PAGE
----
I am thrilled that I have finally found a subject to write my first book on. The subject is a biography of a person I have admired for many years. I seriously considered naming my child after this person. Unfortunately, there were way too many others giving their child this first name (not necessarily because of this historical person though). I will reveal my subject once I get a draft done. :)
I have read some really fantastic biographies lately. Russell Freedman has always been, to me, the epitome of great biographical writing for children. As I am preparing to begin work on my first biography, I turned to his works. This week I reread Lincoln: A Photobiography.
Freedman has amazing storytelling skills. As I read, I felt as if Lincoln’s life was unfolding before me. Often, he is painted heroically, larger than life, savior of the union, champion of freedom. These things are no doubt true of him. Lincoln is much more. Most know he came from humble beginnings, but even into adulthood he struggled with many of our contemporary issues—depression, rejections, debt, money problems, malicious gossip, loss, failure, and feelings of inadequacy. More than anything, he should be admired for overcoming these often overwhelming adversities. No doubt they each had an impact on him that prodded him to succeed to the highest office and to become a man of great compassion and diplomacy.
Freedman uses photographs in his story telling. Each one gives a glimpse of Lincoln, his loved ones, his rivals, and his world. Several depict soldiers—planning, fighting, and dying on the battlefield. Surely, the war and its losses weighed heavily on a man who experienced it all too often at a personal level. Also, there are some popular political cartoons berating him. In one he is depicted as a villainous coward sneaking into Washington for his inauguration. Another one portrays him childishly playing tug-a-war with a map—a poke at him fighting over the union. The illustrations add depth and reveal the criticism he faced and the complex political climate he navigated through.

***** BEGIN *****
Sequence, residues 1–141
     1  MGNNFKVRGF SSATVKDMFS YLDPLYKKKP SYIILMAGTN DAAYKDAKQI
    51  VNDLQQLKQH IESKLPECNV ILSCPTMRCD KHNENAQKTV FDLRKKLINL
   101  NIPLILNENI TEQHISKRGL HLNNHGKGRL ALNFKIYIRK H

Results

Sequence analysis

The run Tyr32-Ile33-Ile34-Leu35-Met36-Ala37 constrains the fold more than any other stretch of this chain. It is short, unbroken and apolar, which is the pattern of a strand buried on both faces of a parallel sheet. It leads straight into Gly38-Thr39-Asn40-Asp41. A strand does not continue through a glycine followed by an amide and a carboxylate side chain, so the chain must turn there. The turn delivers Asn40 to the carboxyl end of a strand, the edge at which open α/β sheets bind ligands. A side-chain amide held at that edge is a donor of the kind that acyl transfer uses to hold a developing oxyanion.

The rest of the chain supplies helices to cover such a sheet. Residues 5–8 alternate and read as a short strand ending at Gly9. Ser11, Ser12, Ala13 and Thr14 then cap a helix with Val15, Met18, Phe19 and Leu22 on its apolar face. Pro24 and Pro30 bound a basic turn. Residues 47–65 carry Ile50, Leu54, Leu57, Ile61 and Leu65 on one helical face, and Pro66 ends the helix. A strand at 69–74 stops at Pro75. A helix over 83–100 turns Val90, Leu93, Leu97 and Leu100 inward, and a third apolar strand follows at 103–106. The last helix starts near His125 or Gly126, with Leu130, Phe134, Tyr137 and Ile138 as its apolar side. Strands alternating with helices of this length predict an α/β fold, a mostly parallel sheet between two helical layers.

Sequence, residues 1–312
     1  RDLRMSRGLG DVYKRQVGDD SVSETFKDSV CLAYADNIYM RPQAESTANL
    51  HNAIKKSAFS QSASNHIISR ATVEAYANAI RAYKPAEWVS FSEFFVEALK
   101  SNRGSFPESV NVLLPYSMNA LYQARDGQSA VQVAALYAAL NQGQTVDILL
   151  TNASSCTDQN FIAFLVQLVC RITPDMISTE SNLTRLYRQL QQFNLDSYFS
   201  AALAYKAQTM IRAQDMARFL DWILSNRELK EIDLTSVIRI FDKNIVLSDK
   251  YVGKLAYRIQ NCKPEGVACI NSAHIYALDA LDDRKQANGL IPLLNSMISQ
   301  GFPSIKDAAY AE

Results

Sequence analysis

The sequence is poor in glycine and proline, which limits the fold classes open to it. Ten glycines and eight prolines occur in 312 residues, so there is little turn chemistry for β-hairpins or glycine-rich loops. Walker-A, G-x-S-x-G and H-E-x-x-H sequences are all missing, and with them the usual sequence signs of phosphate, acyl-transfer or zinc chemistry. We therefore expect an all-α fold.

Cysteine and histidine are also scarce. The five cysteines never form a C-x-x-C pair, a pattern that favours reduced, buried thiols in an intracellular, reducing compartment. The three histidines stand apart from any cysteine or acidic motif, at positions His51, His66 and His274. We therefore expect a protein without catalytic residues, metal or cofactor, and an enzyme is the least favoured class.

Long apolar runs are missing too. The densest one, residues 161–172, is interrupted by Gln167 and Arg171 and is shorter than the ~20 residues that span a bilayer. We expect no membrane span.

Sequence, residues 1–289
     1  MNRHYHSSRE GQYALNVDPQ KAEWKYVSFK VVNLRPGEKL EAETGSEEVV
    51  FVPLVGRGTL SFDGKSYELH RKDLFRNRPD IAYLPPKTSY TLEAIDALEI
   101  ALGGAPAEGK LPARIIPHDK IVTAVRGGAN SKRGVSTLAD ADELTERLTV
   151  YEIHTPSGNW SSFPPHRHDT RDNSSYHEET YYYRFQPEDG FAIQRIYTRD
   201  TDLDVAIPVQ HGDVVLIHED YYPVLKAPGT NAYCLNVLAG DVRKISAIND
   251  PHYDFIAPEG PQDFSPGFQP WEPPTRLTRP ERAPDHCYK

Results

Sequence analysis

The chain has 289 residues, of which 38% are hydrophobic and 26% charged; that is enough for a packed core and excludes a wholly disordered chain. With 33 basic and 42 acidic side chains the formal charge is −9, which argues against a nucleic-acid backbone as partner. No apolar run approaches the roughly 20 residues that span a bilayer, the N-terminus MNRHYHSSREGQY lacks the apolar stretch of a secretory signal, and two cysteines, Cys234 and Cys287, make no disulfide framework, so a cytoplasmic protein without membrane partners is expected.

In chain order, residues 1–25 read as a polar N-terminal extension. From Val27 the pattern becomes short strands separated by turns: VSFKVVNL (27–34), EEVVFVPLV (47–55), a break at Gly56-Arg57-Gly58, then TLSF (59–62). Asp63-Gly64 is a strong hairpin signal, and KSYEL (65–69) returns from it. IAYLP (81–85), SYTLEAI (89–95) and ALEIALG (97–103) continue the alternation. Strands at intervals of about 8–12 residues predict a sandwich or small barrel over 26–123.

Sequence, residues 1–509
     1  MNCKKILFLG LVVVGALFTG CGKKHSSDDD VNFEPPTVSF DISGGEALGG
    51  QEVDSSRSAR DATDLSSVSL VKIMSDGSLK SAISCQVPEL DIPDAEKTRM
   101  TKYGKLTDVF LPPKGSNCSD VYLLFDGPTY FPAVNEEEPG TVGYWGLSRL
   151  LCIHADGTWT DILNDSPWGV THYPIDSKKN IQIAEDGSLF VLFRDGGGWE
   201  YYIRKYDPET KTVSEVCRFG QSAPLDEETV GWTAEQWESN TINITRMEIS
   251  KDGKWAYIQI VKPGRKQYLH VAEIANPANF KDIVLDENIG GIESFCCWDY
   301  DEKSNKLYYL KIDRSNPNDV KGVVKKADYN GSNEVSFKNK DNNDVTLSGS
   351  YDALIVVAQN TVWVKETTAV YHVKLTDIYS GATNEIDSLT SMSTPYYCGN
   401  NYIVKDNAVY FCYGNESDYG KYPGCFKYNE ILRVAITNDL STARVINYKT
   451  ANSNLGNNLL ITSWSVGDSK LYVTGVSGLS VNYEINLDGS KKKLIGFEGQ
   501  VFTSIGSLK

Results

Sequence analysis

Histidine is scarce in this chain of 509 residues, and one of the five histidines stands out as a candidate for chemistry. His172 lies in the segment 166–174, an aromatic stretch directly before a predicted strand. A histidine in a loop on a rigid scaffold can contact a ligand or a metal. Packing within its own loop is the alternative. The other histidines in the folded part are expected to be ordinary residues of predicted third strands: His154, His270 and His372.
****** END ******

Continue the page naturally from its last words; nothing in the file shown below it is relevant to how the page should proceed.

Freedman uses quotes effectively. Seamlessly, quotes by Lincoln and others of his time are interwoven to make this narrative personal and poignant. For instance, when discussing Lincoln’s inner-conflict on when and how to free the slaves, quotes are interspersed that reveal both sides of the issue. Eventually, Lincoln decides: “Fellow citizens, we cannot escape history. We of this administration will be remembered in spite of ourselves…In giving freedom to the slave, we assure freedom to the free—honorable alike in what we give, and what we preserve.” Shortly after, he declared his view and policy in the Emancipation Proclamation.
It is difficult to read this book and not develop an even deeper respect for our 16th president. This respect does not merely occur because of his outstanding words and acts that made him famous. Instead, it comes from his quiet struggles, his personal growth, his courage of conviction, and his great love for his family. I highly recommend Lincoln: A Photobiography for ages 8 and up.